PROJMGNT 7058OL - Project Management Research Project

Online - Quadmester 2 - 2017

The objective is to produce a capstone study which is a critical evaluation and reflation on the Masters studies. The content covered includes some basic tuition on the structure of research methodology, and information about the knowledge and skills required to develop a research project based on extending current knowledge, testing it (qualitative or quantitative), drawing conclusions and commenting on these conclusions.. The study should be an orderly and fully documented investigation of some problem or point of interest arising from the examination of a number of courses or relate these to career choices and competencies required.

  • General Course Information
    Course Details
    Course Code PROJMGNT 7058OL
    Course Project Management Research Project
    Coordinating Unit Entrepreneurship, Commercialisation & Innov Centre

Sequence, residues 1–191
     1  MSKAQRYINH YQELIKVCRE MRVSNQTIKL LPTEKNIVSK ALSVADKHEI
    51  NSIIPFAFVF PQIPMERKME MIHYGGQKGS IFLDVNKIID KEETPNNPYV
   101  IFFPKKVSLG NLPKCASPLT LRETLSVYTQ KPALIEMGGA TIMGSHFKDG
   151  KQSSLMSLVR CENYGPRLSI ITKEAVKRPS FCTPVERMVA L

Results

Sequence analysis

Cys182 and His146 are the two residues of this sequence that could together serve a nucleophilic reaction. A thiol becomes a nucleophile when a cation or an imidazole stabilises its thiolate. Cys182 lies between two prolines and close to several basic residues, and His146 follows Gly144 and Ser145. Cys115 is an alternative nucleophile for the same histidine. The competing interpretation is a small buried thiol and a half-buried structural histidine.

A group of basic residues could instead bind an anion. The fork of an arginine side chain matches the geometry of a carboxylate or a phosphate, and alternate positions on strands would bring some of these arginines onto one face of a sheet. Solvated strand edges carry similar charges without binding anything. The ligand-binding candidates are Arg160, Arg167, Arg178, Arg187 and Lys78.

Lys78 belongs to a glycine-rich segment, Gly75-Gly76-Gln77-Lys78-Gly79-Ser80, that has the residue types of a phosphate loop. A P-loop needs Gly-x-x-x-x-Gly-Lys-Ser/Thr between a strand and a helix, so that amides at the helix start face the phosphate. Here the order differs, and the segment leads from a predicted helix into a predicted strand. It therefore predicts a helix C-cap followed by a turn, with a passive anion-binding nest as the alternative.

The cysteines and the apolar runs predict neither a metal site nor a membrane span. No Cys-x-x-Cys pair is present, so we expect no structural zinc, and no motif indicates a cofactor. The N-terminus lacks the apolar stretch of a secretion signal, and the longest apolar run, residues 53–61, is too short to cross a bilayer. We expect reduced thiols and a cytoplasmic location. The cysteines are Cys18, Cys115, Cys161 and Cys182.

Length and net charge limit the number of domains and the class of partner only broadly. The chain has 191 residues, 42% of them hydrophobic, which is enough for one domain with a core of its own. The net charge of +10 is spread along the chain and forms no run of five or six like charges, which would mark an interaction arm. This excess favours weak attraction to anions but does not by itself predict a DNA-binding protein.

Term Quadmester 2
    Level Postgraduate Coursework
    Location/s Online
    Units 6
    Contact Approximately 4 hours per week over 15 weeks (interaction and preparation)
    Available for Study Abroad and Exchange N
    Assumed Knowledge Completion of all core courses for this Masters Program
    Course Description The objective is to produce a capstone study which is a critical evaluation and reflation on the Masters studies. The content covered includes some basic tuition on the structure of research methodology, and information about the knowledge and skills required to develop a research project based on extending current knowledge, testing it (qualitative or quantitative), drawing conclusions and commenting on these conclusions.. The study should be an orderly and fully documented investigation of some problem or point of interest arising from the examination of a number of courses or relate these to career choices and competencies required.
    Course Staff

    Course Coordinator: Associate Professor Indra Gunawan

    Project Management
    Name: Associate Professor Indra Gunawan
    Email: indra.gunawan@adelaide.edu.au


    Teaching Staff:

    Term 2 Online
    Name:
    Professor Vernon Ireland
    BE, BA, MEngSc, PhD, FIEAust, EngExec

    Short Bio:
    From 1991-1996 Vernon was Corporate Development Director of Fletcher Challenge Construction, responsible for people and